My research assistants and I will play the games listed above, identifying relevant episodes and documenting genre conventions. One very time-consuming task will be playing in multiplayer mode and also parsing data from the linguistic interactions drawn from online gaming communities. My graduate research assistant and I will analyze this data in order to gain an understanding of how certain cultural groups respond to the racial, national, and cultural discourses these video games deploy.

We will use the excellent framework for such analysis supplied by Kiri Miller (2012), who has created a methodology for documenting and studying how gamers create online communities through shared gaming experiences. For example, one of the online communities for Red Dead Redemption is a Latino group on Youtube. We will ask why Latino gamers play the game when the representation of Latino identity in the game is largely negative? Do these gamers play the section of the game that is set in Mexico? Do Latino gamers attempt to subvert the game in certain ways? Rather than focusing on one specific group, my research assistants and I will focus on the connections between gaming experiences across gendered and racialized groups in order to gain insight into how these communities deal with the ideologies narrated via these games, which are deeply influenced by the frontier myth.

To conclude:

  •  We will search for patterns of generic representation in western-themed and detective noir games and, in turn, analyze how the generic elements of the western and detective noir narrate ideologies of the frontier myth. This data will offer insight into how these games are forms of national literature that “sell” particular “brands” of American identity and nationhood.
  • We will study responses to the frontier myth and its attendant ideologies through analysis of the interactions and speech genres created through the online gaming communities of Red DeadRedemption and L.A. Noire.
  • This data will be shared through a number of academic and non-academic venues, including journal articles, blog posts, and tweets.

 

References

 Aarseth, E. J. (1997). Cybertext: Perspectives on Ergodic Literature. Baltimore, MD: Johns Hopkins University Press.

Anderson, B. (1991). Imagined Communities: Reflections on the Origin and Spread of Nationalism. New York: Verso.

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Bal, M. (1996). Double Exposures: The Subject of Cultural Analysis. New York: Routledge.

Barker, S. (2012, Feb. 4). L.A. Noire Sells Almost Five Million Copies. Retirved from http://www.pushsquare.com/news/2012/02/la_noire_sells_almost_five_million_copies

Bogost, I. (2006). Unit Operations: An Approach to Video Game Criticism. Cambridge: The MIT Press.

Bold, C. (2012). Westerns. In The Oxford History of Popular Print Culture: US Popular Print Culture. (Vol 6). (317-336)  New York: Oxford University Press.

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Curtis, T. (2012, Feb. 2). Red Dead Franchise Sells 13 Million Units Worldwide. Retrieved from http://www.gamasutra.com/view/news/40076/Red-Dead-franchise-sells-13-million-units-worldwide.#php.UQlqz7-rmSo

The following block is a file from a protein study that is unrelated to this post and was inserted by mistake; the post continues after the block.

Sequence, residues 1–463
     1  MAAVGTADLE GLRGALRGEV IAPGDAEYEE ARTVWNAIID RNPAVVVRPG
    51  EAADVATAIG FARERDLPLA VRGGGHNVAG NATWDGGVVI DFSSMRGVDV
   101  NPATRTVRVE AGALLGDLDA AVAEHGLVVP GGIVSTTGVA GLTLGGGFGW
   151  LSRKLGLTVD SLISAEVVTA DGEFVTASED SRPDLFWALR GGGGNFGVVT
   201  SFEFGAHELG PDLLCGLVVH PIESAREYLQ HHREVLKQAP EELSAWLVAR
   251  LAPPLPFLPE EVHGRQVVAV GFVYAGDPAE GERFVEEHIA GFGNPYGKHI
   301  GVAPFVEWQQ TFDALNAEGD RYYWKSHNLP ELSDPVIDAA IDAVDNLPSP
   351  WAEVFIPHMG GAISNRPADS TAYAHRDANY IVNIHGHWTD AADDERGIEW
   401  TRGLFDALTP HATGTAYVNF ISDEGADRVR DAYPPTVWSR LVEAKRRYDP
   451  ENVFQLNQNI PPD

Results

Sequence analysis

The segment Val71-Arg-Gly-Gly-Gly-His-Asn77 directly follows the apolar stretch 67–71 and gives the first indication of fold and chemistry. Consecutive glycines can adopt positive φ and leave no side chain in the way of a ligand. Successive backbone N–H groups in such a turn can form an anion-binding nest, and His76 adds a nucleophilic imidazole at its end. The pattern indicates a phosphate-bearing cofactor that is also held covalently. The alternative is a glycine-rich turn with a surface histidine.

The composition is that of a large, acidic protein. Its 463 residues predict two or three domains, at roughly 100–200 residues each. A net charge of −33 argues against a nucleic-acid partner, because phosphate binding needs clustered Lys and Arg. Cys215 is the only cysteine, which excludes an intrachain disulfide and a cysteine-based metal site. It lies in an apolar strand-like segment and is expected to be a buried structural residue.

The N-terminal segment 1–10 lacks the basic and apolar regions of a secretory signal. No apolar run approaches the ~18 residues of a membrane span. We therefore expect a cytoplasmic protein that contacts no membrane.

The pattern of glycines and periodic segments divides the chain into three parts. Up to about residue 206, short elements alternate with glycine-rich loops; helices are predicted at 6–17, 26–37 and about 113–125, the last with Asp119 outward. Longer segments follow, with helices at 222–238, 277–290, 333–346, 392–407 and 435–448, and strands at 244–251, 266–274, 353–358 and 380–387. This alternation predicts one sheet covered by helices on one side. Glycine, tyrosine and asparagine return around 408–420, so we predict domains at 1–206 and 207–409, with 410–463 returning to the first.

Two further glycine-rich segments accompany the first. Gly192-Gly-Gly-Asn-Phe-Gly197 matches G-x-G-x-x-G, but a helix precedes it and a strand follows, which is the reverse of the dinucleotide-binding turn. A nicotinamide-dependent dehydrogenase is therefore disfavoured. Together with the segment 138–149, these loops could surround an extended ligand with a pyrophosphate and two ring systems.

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Galloway, A. (2006). Gaming: Essays on Algorithmic Culture. Minneapolis: University of Minnesota Press.

Goldstein, H. (2011, May 16). L.A. Noire Video Review. . Retrieved from http://ca.ign.com/videos/2011/05/16/la-noire-video-review?objectid=14249693

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Jensen, J. (2010, Dec. 12). Spike Video Game Awards: ‘Red Dead Redemption,’ Neil Patrick Harris Earn High Scores.  Retrieved from http://popwatch.ew.com/2010/12/12/spike-video-game-awards-red-dead-redemption-neil-patrick-harris-earn-high-scores/

Kress, G., & Hodge, R. (1993). Language as Ideology. (2nd ed.). London: Routledge.

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Nitsche, M. (2008). Video Game Spaces: Image, Play, and Structure in 3D Worlds. Cambridge: The MIT Press.

Petit, C. (2011, May 16). L.A. Noire Review. Retrieved from http://www.gamespot.com/l-a-noire-review-6313651/

Ricoeur, P. (1976). Interpretation Theory: Discourse and the Surplus of Meaning. Fort Worth TX: Texas Christian University Press.

Schreier, J. (2011, Apr. 26). Rockstar’s L.A. Noire Wows Film Buffs at Tribeca. Retrieved from http://www.wired.com/gamelife/2011/04/la-noire-tribeca-2/

Silverman, K. (1999). [On suture]. In Film theory and criticism: Introductory Readings. Leo Braudy and Marshall Cohen (eds.). (137-47). New York: Oxford University Press.

Slotkin, R. (1992). Gunfighter Nation: The Myth of the Frontier in Twentieth-Century America. New York: Atheneum.

Slotkin, R. (1988). The Hard-Boiled Detective Story: From the Open Range to the Mean Streets. In Barbara A. Rader & Howard G. Zettler (eds.). The Sleuth and the Scholar. (91-100). London: Greenwood Press.

Stowe, W.W. (1988). Hard-Boiled Virgil: Early Nineteenth-Century Beginnings of a Popular Literary Formula. In Barbara A. Rader & Howard G. Zettler (eds.). The Sleuth and the Scholar. London: Greenwood Press.

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Thorsen, T. (2011, Mar. 2). Red Dead Redemption Lassos Game Developers Choice Awards. Retrieved from http://www.gamespot.com/news/red-dead-redemption-lassos-game-developers-choice-awards-6101573